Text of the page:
Frequently asked questions regarding custody...
How is child custody determined by the court?
In January 2011, a new custody law took the place of the old Pennsylvania custody law. The statute added new considerations the court must address when making a decision regarding custody, and there are now 16 factors for the court to consider when awarding custody. It also clarifies who has standing to bring a custody action; in other words, who is legally able to file a complaint for custody. The statute is still being interpreted by Pennsylvania's courts, but it will have a direct impact on your custody case. You may read the new custody law here, but contact me today for a consultation regarding the ramifications of the law and your case.
When do the children get a say?
There is no set age in Pennsylvania as to when children get a say in the custody process. However, the new custody law provides that the "well-reasoned preference" of the child, depending on how they are able to articulate that preference, may be considered a relevant factor in the custody process. Further, the county that your matter will be heard in may have its own standards by which a child participates in the process.
Do we need to have a written custody Order?
Yes. Even parents who are very amicable and communicate well benefit from having a custody Order in writing. By having your agreement made an Order of court, parents are given a forum to have issues with the arrangement heard and addressed if necessary, and your custody agreement will protect both parents and the children from the strife that can arise when an agreement is not formalized in writing. Parents can keep their Order flexible, but know that their Order will control in the event of a disagreement.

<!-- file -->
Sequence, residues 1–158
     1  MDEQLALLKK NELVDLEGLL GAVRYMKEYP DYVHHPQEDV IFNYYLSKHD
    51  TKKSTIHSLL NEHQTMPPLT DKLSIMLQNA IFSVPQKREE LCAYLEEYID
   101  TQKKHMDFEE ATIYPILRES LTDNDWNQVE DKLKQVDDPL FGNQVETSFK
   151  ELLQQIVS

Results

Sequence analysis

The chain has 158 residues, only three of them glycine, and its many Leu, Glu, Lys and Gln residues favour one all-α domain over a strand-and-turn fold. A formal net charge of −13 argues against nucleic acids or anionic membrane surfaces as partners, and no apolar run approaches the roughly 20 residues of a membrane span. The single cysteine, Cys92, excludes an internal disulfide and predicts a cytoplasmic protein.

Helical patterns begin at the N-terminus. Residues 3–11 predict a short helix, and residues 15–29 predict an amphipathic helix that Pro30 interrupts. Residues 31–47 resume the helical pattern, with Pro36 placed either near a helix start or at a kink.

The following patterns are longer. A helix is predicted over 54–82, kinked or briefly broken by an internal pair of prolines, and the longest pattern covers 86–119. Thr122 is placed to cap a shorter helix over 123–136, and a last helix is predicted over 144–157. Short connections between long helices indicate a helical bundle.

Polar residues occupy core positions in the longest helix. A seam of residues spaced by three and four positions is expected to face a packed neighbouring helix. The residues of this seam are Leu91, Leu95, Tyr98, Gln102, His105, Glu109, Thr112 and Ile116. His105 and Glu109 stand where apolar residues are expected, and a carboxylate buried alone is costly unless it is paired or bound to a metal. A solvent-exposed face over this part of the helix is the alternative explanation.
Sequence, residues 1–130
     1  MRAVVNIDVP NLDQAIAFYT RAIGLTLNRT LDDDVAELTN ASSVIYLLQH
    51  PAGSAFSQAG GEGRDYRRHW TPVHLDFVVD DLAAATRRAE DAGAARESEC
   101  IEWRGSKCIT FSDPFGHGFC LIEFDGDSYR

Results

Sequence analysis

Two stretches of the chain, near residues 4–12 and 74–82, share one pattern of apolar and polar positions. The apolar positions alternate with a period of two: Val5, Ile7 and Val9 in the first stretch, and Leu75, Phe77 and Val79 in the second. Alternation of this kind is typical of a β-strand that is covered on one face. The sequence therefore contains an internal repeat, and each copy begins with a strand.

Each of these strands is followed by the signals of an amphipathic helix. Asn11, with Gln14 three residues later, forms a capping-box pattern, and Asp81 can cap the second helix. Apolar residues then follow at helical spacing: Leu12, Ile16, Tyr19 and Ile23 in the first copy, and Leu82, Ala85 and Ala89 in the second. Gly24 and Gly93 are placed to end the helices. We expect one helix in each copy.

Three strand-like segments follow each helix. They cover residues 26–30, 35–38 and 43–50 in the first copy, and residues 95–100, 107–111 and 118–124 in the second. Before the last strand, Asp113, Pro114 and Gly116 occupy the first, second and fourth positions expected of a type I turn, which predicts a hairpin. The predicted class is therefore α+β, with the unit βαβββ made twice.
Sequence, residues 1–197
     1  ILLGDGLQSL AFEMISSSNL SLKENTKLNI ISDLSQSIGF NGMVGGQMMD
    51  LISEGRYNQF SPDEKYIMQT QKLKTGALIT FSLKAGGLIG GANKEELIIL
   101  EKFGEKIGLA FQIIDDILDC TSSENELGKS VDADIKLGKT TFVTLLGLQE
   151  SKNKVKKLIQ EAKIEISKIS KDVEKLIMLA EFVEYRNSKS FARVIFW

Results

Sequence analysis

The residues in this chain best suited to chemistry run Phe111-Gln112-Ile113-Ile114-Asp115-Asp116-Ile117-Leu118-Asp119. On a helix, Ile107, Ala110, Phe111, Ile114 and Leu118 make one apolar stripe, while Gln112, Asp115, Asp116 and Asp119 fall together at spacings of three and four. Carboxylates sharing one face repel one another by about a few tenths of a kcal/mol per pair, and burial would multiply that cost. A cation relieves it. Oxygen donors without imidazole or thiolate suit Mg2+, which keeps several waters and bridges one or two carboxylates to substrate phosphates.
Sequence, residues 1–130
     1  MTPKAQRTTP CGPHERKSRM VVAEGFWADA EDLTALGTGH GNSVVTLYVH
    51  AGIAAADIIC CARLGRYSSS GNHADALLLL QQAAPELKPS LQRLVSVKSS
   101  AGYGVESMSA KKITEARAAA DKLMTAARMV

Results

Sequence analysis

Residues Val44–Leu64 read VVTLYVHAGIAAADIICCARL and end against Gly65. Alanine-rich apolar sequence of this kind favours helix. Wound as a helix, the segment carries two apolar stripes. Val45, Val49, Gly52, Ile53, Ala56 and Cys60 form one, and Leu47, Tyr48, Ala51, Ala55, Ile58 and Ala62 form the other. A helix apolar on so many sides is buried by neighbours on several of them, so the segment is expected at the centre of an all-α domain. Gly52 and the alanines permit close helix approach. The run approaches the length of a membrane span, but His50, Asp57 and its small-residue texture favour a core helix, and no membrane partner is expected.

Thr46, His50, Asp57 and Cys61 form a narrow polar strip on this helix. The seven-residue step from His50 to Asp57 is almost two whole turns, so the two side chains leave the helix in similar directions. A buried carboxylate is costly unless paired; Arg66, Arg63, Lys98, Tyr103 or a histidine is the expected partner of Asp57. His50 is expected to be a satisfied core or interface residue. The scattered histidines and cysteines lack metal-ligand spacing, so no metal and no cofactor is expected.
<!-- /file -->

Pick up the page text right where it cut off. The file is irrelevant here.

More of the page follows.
What if I want to relocate?
PA's new custody law will control all cases brought before the court after January 2011. The statute specifically provides for a new method of procedure when a parent wishes to relocate. You can view the new law here. If you are considering relocating, or your child's parent is threatening to, you should read the new law carefully, but be sure to consult a qualified attorney to discuss the relocation process. Misunderstanding the statute or not filing the proper documentation could result in the court denying a request to relocate.
Can I get custody of my grandchildren?
Grandparents' custody rights are also controlled by the new PA law. While the new law clarified a lot of old language and opened some doors for grandparents seeking custody, the facts of your situation will control your matter. If you would like to discuss your Pennsylvania grandparent custody matter, please contact me and I would be happy to meet with you.
I am having issues with a Custody Order that has been in place for awhile. What can I do?
A party to a Custody action may file a Petition to Modify their current Order by citing reasons why adjusting the Order would be in the child(ren)'s best interest. If your Order has been in place for some time and is no longer a good fit, or the other parent simply won't cooperate with your Order, it may be time to consider modification. Since your Order is enforceable by the court, an action in contempt may also be available to you. Let's talk about what will work for your specific needs.